Of course I knew him, my friends, that was obvious. Every living Lindworm knows nearly every other living Lindworm. That’s nothing to write home about, given our relatively small numbers. But this Lindworm I’d almost forgotten because it was such a long time since we’d seen each other. It was … yes, it was Ovidios Versewhetter!

  Good heavens! Ovidios was a fellow Lindworm who had left the castle when I was still a youngster with yellow scales. He had emigrated to Bookholm after announcing, rather grandiloquently, that he would become a famous author there – something he had sadly failed to do right away. When I met him in this city some years later, he was professionally at rock bottom, vegetating in one of the pits in the Graveyard of Forgotten Writers, where he composed off-the-cuff poems for tourists. A Lindworm could sink no lower. I hadn’t even spoken to him – indeed, I’d cravenly fled from the sight of his literary downfall instead of offering my help. I now recalled this, filled with shame. I had never thought I would see him again in the land of the living.

  Now, however, as far as I could tell in the prevailing visibility, Ovidios made a splendid impression. Instead of the rags he had been wearing then, he was attired in a fashionable robe of expensive material, and his long reptilian neck and claws were bedecked with chains and rings that looked as if they were of high-carat gold set with genuine diamonds. He epitomised one’s idea of a successful Lindworm. What had happened?

  He hadn’t yet noticed me, so I lingered behind a column and hesitated. Should I speak to him? I felt guilty somehow. He had seen me that time in the Graveyard of Forgotten Writers. We had exchanged a glance and he must have been quite aware that I’d abandoned him in his wretchedness for unworthy reasons. What else could I have done, though? I was almost penniless myself at that time and I’d gained the impression that he wasn’t too anxious to be accosted in his embarrassing position by another of his kind. Many years had gone by since then and I was terribly curious to discover how he had been faring. I pulled myself together and went over to his table. At least I could make a belated apology.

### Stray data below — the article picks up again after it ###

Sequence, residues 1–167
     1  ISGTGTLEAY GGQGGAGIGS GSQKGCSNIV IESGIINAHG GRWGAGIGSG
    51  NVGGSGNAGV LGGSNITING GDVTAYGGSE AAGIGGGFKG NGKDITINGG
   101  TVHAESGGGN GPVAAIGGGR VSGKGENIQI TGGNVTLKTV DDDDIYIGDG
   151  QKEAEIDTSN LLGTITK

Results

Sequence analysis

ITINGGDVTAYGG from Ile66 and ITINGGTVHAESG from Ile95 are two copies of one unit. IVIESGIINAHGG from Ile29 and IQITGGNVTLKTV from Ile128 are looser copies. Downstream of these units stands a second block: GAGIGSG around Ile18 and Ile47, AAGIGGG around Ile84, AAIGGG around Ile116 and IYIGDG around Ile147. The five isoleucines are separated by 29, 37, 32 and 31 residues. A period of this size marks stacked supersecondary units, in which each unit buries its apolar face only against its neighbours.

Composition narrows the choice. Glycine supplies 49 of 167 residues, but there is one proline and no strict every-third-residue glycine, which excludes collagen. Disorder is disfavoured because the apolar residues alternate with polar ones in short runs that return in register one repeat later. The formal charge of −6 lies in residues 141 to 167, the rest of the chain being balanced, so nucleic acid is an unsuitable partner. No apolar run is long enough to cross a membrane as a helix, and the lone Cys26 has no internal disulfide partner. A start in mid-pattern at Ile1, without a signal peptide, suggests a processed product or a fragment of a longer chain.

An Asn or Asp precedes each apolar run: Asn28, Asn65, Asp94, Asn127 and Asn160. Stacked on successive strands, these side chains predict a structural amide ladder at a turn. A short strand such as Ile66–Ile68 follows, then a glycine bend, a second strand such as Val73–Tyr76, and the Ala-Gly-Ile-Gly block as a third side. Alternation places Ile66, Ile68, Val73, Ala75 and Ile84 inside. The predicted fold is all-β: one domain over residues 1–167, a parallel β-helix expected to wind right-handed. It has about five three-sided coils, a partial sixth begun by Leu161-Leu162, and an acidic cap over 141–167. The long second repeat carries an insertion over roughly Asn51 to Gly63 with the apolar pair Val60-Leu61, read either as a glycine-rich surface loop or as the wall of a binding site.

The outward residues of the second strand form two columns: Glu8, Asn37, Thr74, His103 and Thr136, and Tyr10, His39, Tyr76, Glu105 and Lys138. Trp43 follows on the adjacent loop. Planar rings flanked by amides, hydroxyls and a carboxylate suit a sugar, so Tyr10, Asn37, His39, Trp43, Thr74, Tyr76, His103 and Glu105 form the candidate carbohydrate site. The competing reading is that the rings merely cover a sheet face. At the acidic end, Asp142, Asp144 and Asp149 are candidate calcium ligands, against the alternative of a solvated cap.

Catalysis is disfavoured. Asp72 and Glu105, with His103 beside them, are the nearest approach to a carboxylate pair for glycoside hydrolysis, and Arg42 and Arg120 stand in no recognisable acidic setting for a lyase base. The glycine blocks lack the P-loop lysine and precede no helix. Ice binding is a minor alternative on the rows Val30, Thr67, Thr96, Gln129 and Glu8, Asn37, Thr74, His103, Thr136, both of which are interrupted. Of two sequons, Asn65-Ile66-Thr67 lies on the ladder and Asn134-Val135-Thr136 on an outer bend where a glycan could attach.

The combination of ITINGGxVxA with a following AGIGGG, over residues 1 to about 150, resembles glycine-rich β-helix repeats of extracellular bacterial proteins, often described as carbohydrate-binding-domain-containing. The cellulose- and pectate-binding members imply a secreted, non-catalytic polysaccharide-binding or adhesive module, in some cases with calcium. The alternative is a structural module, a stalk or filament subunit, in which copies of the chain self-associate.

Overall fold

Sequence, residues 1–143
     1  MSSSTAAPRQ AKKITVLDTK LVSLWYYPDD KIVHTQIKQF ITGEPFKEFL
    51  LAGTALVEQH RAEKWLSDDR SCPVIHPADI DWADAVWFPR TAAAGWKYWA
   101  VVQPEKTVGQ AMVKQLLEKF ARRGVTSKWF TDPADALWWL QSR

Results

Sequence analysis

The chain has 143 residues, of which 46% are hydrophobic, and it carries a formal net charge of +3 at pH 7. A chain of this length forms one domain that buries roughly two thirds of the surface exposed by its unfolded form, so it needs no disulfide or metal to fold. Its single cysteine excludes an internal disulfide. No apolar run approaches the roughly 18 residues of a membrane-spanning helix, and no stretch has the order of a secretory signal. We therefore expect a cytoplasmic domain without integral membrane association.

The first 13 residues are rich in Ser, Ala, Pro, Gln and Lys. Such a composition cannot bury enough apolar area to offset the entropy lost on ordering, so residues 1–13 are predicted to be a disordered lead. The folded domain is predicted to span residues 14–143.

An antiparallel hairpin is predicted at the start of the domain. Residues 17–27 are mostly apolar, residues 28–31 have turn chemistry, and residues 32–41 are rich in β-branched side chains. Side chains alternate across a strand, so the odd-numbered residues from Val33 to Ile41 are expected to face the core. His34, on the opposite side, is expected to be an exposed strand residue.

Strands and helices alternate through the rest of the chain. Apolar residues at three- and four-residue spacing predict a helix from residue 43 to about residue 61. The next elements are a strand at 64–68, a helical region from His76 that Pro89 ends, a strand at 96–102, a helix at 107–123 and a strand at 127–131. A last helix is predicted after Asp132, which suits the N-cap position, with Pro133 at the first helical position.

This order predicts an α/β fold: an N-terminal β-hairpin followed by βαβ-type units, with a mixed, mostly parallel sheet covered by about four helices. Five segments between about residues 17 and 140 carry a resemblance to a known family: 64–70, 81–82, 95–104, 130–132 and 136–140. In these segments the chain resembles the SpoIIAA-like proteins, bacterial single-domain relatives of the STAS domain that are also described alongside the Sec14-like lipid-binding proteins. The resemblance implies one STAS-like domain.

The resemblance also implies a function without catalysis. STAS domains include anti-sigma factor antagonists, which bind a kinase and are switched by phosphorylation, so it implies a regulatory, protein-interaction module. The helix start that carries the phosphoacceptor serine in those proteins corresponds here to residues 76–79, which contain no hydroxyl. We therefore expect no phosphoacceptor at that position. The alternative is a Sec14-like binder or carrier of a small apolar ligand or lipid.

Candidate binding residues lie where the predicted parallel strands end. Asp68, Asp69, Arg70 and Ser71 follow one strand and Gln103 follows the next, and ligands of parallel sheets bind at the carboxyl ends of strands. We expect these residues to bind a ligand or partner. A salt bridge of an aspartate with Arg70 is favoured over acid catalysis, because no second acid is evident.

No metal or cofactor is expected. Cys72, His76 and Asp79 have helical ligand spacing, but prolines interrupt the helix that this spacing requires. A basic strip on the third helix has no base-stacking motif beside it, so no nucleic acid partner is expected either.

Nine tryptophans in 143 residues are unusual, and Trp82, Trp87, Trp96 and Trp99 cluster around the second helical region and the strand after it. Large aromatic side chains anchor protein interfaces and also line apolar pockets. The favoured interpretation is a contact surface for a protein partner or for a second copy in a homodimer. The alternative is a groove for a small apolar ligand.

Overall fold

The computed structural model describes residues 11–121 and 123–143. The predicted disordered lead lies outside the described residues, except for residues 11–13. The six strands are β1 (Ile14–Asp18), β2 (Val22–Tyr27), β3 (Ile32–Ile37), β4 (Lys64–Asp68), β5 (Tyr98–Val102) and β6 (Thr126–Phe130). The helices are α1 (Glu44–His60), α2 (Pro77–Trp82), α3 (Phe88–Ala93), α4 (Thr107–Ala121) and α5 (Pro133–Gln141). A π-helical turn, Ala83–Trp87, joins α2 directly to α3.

‘Is anyone sitting here?’ My voice was shaking, I noticed. ‘I apologise for disturbing you, but … I also come from Lindworm Castle.’

  Two diminutive gnomes seated facing each other across the next table were sharing a pipe at which they puffed in turn. Their tobacco smelt pungently of forest herbs. They paid me no attention.

  Ovidios gave me a long look. Then, very slowly and in the standoffish tone of someone who often gets pestered, he said: ‘Anyone who goes around muffled up like you could say as much.’

  ‘I’m, er … travelling incognito,’ I replied, abashed. Leaning towards him, I folded back my cowl far enough for him, but no one else in the room, to see my face.

  ‘Ye … Yu … Yarnsp …’ he stammered, utterly taken aback, but I raised my paw in entreaty and he promptly fell silent.

  ‘May I join you?’ I asked.

  ‘But of course, certainly! I insist!’ Ovidios replied. He stood up and sat down several times. ‘Heavens alive … what a … surprise.’ Nervously, he brushed a few tobacco crumbs off the table.

  The two little gnomes were giggling stupidly, but not on our account. Obviously wrapped up in themselves, they were whispering together in Gnomian, which no one but they understood.

  ‘I’m afraid I have to wear this wretched cowl,’ I said apologetically, sitting down opposite Ovidios. ‘It makes me feel like one of those silly Dumbdruids, but without it I’d never have a quiet moment in this city.’

  ‘Of course not,’ he said. ‘Everyone here knows you. Your likeness is reproduced on all your book jackets. Many antique shops and bookshops adorn their windows with your portrait. There’s even a statue of you in the municipal park, but on that you still have green scales all over. Are you moulting at present?’

  Strangely enough, a Lindworm always finds it somewhat embarrassing to be questioned about his moults, even by another Lindworm. My reply was correspondingly curt.

  ‘Yes,’ was all I said.

  ‘Heavens alive,’ Ovidios sighed. ‘When did we see each other last? It must have been … it was …’

  ‘In the Graveyard of Forgotten Writers,’ I blurted out and instantly regretted it.

  But he only roared with laughter. ‘Hahaha! Yes, that’s right! In that goddamned graveyard!’ He didn’t seem to resent being reminded of it at all. ‘You even describe our encounter in your book,’ he said.

  ‘You’ve read it?’ I asked.